An Antiochian wedding at the St. Louis World’s Fair

(An earlier version of this post was published in 2010.) 108 years ago this week, in 1904, St. Raphael Hawaweeny, the Syro-Arab Bishop of Brooklyn, officiated at a wedding in St. Louis. The English bride and Arab groom had a rather¬†romantic backstory, and the wedding took place at the imitation Holy Sepulchre in the “Jerusalem”…

This week in American Orthodox history (Sept. 17-23)

September 18, 1905: On the very same day, two big events took place: St. Tikhon Bellavin, the Russian Archbishop of North America, elevated Fr. Sebastian Dabovich to the rank of archimandrite. Dabovich was the leader of the Serbian Orthodox in America, and Tikhon planned to make him a bishop, although that never happened. Tikhon gave…

This week in American Orthodox history (Sept. 10-16)

September 11, 1893: The World’s Parliament of Religions opened in Chicago. I’ve written quite a bit about the Parliament in past articles, and you can read all of them by clicking here. The super-short version: In conjunction with the Chicago World’s Fair, representatives from every major world religion convened in Chicago for the mother of…

A 5th century Greek church in Connecticut? Nope.

Recently, an article has been circulating among some Orthodox folks on the Internet on a purported Greek Orthodox church in Connecticut, dating to the 5th century. If the article is accurate, it’s an absolute bombshell — it claims that Orthodox monks from North Africa fled persecution in the late 400s and ended up on the…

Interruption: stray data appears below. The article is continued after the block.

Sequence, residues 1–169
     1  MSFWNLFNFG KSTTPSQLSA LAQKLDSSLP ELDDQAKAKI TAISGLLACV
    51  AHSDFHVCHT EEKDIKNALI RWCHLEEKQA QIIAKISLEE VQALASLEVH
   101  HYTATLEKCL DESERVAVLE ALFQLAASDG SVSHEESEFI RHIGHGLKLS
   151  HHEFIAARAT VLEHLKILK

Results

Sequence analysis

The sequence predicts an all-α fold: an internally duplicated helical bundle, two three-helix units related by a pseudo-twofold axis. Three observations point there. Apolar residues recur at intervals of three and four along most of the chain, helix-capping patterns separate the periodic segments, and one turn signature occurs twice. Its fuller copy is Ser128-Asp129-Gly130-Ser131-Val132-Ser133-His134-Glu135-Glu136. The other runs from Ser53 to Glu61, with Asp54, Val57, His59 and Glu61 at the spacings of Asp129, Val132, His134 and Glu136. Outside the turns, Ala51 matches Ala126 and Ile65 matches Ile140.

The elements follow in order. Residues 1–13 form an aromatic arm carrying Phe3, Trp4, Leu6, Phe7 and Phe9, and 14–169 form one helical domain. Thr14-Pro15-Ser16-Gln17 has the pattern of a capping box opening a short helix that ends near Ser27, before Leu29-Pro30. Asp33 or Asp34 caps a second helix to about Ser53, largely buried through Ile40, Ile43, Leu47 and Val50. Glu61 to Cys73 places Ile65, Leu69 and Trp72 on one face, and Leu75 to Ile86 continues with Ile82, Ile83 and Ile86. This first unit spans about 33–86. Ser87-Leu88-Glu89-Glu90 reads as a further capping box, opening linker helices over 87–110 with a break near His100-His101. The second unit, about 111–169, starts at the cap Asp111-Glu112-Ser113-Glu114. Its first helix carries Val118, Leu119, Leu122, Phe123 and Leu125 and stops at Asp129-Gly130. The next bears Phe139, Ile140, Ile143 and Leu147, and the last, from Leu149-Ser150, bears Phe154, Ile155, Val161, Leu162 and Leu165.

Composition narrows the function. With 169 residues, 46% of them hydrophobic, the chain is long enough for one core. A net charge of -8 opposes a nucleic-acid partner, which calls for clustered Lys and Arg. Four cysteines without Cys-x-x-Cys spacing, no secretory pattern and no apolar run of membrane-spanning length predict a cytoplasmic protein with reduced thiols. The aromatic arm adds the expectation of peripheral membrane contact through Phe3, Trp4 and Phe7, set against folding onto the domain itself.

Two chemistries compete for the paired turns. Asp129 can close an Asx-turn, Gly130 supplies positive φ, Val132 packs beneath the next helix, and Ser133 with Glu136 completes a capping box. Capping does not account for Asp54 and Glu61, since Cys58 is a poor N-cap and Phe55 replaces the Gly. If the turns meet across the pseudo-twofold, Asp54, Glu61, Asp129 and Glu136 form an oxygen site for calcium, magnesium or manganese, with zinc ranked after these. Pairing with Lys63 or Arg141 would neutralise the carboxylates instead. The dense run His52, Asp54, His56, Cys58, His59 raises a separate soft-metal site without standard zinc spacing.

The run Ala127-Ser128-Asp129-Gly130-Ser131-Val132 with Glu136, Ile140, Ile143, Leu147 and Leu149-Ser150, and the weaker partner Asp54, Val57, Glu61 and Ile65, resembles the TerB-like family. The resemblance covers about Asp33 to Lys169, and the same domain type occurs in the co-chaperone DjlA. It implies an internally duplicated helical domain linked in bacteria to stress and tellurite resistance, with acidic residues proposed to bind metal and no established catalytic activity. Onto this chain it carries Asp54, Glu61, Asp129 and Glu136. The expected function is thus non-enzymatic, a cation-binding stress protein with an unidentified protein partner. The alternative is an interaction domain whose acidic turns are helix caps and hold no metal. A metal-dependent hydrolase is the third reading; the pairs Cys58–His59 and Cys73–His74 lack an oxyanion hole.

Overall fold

This week in American Orthodox history (July 16-22)

After a bit of a hiatus thanks to work and a new baby, we’re back with another edition of “This week in American Orthodox history.” No accompanying podcast yet, though — one thing at a time. July 20, 1741: According to some accounts, the first Orthodox liturgy in the Western Hemisphere was celebrated aboard Vitus…

The Life of Archbishop Michael Konstantinides

Editor’s note: Today, July 13, marks the 54th anniversary of Archbishop Michael Konstantinides, primate of the Greek Archdiocese. Archbishop Michael has been largely (and unfairly) forgotten, for a simple reason: his eight-year tenure was sandwiched in between the larger-than-life Archbishops Athenagoras and Iakovos. But Archbishop Michael was a genuinely outstanding hierarch, and he’s worthy of…